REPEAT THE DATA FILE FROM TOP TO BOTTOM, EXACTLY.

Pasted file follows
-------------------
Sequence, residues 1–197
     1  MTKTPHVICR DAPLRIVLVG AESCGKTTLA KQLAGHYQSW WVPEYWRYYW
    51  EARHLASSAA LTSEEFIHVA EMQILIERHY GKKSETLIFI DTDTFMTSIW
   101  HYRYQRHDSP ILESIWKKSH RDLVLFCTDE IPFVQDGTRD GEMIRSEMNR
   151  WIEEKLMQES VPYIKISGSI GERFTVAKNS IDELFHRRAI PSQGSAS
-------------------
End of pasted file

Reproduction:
Sequence, residues 1–197
     1  MTKTPHVICR DAPLRIVLVG AESCGKTTLA KQLAGHYQSW WVPEYWRYYW
    51  EARHLASSAA LTSEEFIHVA EMQILIERHY GKKSETLIFI DTDTFMTSIW
   101  HYRYQRHDSP ILESIWKKSH RDLVLFCTDE IPFVQDGTRD GEMIRSEMNR
   151  WIEEKLMQES VPYIKISGSI GERFTVAKNS IDELFHRRAI PSQGSAS